Book Review: Wrist

Image

Wrist by Nathan Niigan Noodin Adler

Wrist is an Anishinaabe-inspired horror story that I picked up at the Ottawa Writersfest last year. One of the fun things about this book is that you’re never totally certain if the monsters are real. Adler keeps you guessing about whether this is playing out in the imagination of Church, the protagonist, even going so far as to include other characters who themselves don’t believe in the monsters. As Adler states:

[I]t will still devour you, even if you don’t believe. Things that are real don’t need you to believe in them, they’ll consume you just the same.

And as we learn that Church is the son of a Residential school survivor on one side, and a Holocaust survivor on the other, we begin to recognize that perhaps the true horror story being told is the evil of intergenerational trauma.

Even if it was just a delusion […], it was real in every sense that mattered.

What I like about this book is that it’s not over-edited, so the voice of the author shines through unobscured, almost as though he’s reading aloud to you in the oral tradition of the First Nations. In fact, he provides substantial Anishinaabemowin dialog and terminology throughout the book, giving mild language lessons to his readers. I enjoyed reading the Anishinaabek words aloud softly as I went along.

Another unique aspect is the scientific emphasis throughout the story. Adler firmly places Indigenous lore within a natural, scientific world, for example beautifully comparing the hunger of the wiindigo to a black hole. Not only does this make the book feel real, almost alive, in a living, breathing kind of way, but also serves as a nice counterpoint to how colonialist society tends to portray Indigenous culture as cliché and static (The Dead Indian*). Here we are given very much the opposite of that, with a cultural viewpoint that follows along with our evolving understanding of the universe.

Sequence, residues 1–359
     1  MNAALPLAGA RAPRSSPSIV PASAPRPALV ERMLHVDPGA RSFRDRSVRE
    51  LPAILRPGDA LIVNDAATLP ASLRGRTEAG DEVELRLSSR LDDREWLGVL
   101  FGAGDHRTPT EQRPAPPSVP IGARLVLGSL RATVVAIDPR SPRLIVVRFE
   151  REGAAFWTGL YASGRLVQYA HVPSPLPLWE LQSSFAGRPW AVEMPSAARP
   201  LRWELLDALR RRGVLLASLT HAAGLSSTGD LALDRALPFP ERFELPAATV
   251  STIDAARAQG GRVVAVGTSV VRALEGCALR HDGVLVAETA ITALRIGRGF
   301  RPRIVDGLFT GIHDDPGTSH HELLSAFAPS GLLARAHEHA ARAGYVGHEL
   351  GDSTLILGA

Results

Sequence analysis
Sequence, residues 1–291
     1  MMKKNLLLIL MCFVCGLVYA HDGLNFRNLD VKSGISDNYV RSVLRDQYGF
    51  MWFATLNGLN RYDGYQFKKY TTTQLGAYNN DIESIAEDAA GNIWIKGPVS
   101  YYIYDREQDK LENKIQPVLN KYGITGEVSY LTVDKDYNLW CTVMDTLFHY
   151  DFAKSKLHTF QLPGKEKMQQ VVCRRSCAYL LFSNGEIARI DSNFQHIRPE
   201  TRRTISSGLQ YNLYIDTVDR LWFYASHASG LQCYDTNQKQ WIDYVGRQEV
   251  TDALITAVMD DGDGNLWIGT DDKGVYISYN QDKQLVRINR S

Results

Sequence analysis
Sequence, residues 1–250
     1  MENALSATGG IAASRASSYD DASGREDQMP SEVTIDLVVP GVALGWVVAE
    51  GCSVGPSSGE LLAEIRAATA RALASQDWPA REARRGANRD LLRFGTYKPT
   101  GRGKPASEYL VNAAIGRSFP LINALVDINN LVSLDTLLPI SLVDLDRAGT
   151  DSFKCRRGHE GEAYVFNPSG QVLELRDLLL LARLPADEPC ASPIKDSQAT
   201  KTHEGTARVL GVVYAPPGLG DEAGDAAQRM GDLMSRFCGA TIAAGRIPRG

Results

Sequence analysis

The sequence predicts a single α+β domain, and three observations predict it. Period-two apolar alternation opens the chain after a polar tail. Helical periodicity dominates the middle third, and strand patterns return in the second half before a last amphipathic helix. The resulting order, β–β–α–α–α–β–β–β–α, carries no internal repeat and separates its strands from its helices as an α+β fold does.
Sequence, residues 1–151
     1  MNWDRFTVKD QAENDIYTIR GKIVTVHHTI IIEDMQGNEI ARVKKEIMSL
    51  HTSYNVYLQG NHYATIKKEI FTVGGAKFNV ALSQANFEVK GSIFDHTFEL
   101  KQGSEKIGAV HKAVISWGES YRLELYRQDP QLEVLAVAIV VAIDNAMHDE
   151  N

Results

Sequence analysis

Hunger is the central theme in this story, and Adler invites us to consider hunger as something abstract:

Often we are driven to eat to fill other hungers that can’t be filled with food…Loneliness, sadness, trauma.

Reading this book during a period of personal grief, had me relating to this. Even though hunger is pain, hunger should not be indulged too deeply, but neither should it be ignored. Excess in either direction will turn one into a monster. That is the warning delivered in Wrist. However hunger is also what makes us who we are.

Church is not always sure exactly who he is supposed to be, yet he’s proof that one can derive tremendous power and self-worth out of personal beliefs and life experiences, even if many of those are hard experiences. And proof that nobody should be underestimated.

The definition of “wrist” is given in a preface to the book, with a secondary definition being sleight-of-hand. So what sleight-of-hand is the author pulling with this novel Wrist? For me, it was filling my spirit with nature, language and appreciation for all that life has to offer.

This was a unique and very original book with many layers to unpack. I look forward to reading more of Adler’s work in the future!

*Dead Indian per Thomas King’s The Inconvenient Indian

Image